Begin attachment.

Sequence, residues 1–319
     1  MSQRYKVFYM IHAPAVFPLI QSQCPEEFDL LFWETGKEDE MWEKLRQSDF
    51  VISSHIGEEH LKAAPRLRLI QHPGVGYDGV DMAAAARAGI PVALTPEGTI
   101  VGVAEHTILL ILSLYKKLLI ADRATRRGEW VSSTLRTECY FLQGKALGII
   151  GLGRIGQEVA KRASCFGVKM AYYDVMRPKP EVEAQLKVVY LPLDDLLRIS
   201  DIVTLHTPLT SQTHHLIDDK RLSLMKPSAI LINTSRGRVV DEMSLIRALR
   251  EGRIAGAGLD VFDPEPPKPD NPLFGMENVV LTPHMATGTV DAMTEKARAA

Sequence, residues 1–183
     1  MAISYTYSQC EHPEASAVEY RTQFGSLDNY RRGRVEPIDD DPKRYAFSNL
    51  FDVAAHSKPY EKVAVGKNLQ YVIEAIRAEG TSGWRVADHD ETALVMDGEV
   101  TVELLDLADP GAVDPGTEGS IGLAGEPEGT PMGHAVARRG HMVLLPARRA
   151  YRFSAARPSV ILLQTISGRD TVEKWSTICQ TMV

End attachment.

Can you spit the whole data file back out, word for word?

Sequence, residues 1–319
     1  MSQRYKVFYM IHAPAVFPLI QSQCPEEFDL LFWETGKEDE MWEKLRQSDF
    51  VISSHIGEEH LKAAPRLRLI QHPGVGYDGV DMAAAARAGI PVALTPEGTI
   101  VGVAEHTILL ILSLYKKLLI ADRATRRGEW VSSTLRTECY FLQGKALGII
   151  GLGRIGQEVA KRASCFGVKM AYYDVMRPKP EVEAQLKVVY LPLDDLLRIS
   201  DIVTLHTPLT SQTHHLIDDK RLSLMKPSAI LINTSRGRVV DEMSLIRALR
   251  EGRIAGAGLD VFDPEPPKPD NPLFGMENVV LTPHMATGTV DAMTEKARAA

Sequence, residues 1–183
     1  MAISYTYSQC EHPEASAVEY RTQFGSLDNY RRGRVEPIDD DPKRYAFSNL
    51  FDVAAHSKPY EKVAVGKNLQ YVIEAIRAEG TSGWRVADHD ETALVMDGEV
   101  TVELLDLADP GAVDPGTEGS IGLAGEPEGT PMGHAVARRG HMVLLPARRA
   151  YRFSAARPSV ILLQTISGRD TVEKWSTICQ TMV